Be careful not to allow previous micromanagement behaviours to creep back in. Maintaining these lines of communication and checking in with the recipient can help to prevent this. 

Clarify Individual Roles and Responsibilities

Micromanagement can be resultative of blurred boundaries between roles within a team. When clear lines aren’t drawn, it’s impossible to know who is responsible for what. This makes it easier for micromanagers to hoard tasks and harder for team members to claim these tasks as their own. Make sure the responsibilities and day-to-day tasks of each person are crystal clear to avoid these imbalances. 


Long-Term Effects of Micromanagement 

The effects of micromanagement can be felt by employees and the company as a whole. A survey by Trinity Solutions found that 85% of people reported their morale was negatively impacted by micromanagement and 71% of people felt it interfered with their job performance. In summary, the psychological effects of micromanagement can lead to poor work performance and less company success. 

Impacts include: 

  • Decreased employee engagement
    Micromanagers remove autonomy from their team members meaning they have less impact on the company’s success and become detached from their work as a result.
  • Decreased productivity
    Explaining every decision wastes time that could be spent on making them. Giving constant status updates and placating a micromanager  means less energy directed into work tasks.
  • Increased absenteeism
    As a result of the above two points, employees will begin to feel despondency and dread when thinking about work. Expect sickies and excuses to start piling up.
  • Fractured relationships
    Negative energy is infectious. Not only will the manager-report relationship be impacted, but the team as a whole won’t function as they should.
  • Stunted development
    As micromanagers tend to resist knowledge-sharing, there will be limitations to how much employees can learn and grow within the company.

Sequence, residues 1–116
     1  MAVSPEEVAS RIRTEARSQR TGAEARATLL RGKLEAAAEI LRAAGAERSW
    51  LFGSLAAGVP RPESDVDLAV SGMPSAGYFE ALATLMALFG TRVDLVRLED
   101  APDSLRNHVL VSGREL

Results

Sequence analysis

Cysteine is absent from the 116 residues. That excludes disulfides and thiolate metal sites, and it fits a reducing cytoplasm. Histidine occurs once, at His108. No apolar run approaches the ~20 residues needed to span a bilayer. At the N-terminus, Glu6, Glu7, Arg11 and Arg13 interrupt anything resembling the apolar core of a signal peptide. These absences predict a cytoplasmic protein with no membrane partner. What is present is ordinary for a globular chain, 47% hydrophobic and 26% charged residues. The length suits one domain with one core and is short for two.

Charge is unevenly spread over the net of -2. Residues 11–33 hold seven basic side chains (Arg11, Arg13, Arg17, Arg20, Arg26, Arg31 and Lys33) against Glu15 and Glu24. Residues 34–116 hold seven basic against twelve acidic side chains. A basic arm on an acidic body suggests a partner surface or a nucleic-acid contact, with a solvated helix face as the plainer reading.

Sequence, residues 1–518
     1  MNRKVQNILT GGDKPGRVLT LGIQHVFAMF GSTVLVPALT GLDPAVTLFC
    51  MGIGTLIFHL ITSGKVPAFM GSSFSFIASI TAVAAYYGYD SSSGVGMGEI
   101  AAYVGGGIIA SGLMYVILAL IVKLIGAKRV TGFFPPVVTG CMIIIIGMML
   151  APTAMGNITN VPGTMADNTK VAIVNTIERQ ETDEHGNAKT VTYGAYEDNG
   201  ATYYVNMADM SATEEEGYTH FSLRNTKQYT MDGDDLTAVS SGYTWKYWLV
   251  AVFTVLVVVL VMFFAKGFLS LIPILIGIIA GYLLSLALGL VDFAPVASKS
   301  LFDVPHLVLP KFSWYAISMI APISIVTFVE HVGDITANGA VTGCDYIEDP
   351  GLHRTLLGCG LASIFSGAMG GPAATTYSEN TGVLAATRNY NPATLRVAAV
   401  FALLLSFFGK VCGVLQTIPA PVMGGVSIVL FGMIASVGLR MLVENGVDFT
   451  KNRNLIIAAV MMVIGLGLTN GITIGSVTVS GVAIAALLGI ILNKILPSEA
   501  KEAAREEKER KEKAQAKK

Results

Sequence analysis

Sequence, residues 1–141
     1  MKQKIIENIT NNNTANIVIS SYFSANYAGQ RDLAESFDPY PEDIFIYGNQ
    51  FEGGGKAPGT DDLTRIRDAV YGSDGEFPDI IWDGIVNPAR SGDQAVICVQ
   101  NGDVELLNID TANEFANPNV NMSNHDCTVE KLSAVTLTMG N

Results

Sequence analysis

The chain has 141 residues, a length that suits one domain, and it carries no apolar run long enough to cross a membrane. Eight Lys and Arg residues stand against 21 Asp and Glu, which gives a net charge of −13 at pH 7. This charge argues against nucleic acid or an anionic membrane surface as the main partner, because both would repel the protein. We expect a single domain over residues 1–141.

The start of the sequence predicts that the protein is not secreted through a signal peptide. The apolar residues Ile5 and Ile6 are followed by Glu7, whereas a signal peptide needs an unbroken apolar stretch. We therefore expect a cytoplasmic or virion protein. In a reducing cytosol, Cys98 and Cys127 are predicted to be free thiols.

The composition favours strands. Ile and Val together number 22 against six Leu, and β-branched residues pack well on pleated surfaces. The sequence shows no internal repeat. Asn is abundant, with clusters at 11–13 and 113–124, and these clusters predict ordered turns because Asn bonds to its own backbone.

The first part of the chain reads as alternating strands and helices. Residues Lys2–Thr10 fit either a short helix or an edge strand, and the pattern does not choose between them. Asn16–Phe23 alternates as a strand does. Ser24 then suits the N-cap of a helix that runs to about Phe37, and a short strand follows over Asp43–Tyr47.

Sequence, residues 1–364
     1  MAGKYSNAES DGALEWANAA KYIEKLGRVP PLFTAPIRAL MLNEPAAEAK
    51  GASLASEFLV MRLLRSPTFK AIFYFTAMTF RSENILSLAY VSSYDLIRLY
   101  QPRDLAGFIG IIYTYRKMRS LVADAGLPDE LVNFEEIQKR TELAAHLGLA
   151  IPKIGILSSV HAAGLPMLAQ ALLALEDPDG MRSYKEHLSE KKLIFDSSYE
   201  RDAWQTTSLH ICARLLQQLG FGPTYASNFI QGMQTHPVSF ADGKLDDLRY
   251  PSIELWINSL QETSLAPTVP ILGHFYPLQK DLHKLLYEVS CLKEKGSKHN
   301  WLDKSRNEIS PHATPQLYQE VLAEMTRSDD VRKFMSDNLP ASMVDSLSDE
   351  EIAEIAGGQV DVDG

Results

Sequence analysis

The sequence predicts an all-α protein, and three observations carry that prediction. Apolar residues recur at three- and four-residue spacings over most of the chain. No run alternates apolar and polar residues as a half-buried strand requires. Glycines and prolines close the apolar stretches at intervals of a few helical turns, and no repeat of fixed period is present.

• Drop in retention rate
    The same survey found that 69% of people have thought about switching jobs due to micromanagement and 36% have actually gone through with it. The psychological effects of micromanagement alongside impact on the work environment can cause people to feel that leaving is the only option. 

How HR Tech can Limit Micromanagement 

An all-in-one HR software like Factorial’s can help to prevent micromanagement by solidifying processes and responsibilities and increasing visibility of workflows. 

Here are just a few of the ways our digital solution can help to eradicate micromanaging:  

  • Allows managers to set tasks that team members can mark as completed. This avoids potential back and forth whilst a project is in progress. 
  • Makes these tasks visible to teams so that roles and responsibilities of individuals are always clear. 
  • Centralises everything in one place so managers can spend less time on collating work and more time on their strategic role. 
  • Prioritises employee growth. Our performance management software helps you track and evaluate employee performance against established KPIs and provides employees with relevant training so that knowledge-sharing occurs. It also allows you to set goals so that individual development is front of mind. 
  • Automates 360-degree reviews so cases of micromanaging can be raised through real-time feedback. Questions can be personalised to each individual so you can ensure any areas of concern are addressed.

Sign up now for a free 14 day trial and start improving your performance management with Factorial!


Emma is a Content Writer with 5 years of Marketing experience. She specialises in HR strategy and modern workplace trends. When she's not writing, she's running by the beach or cooking Italian food.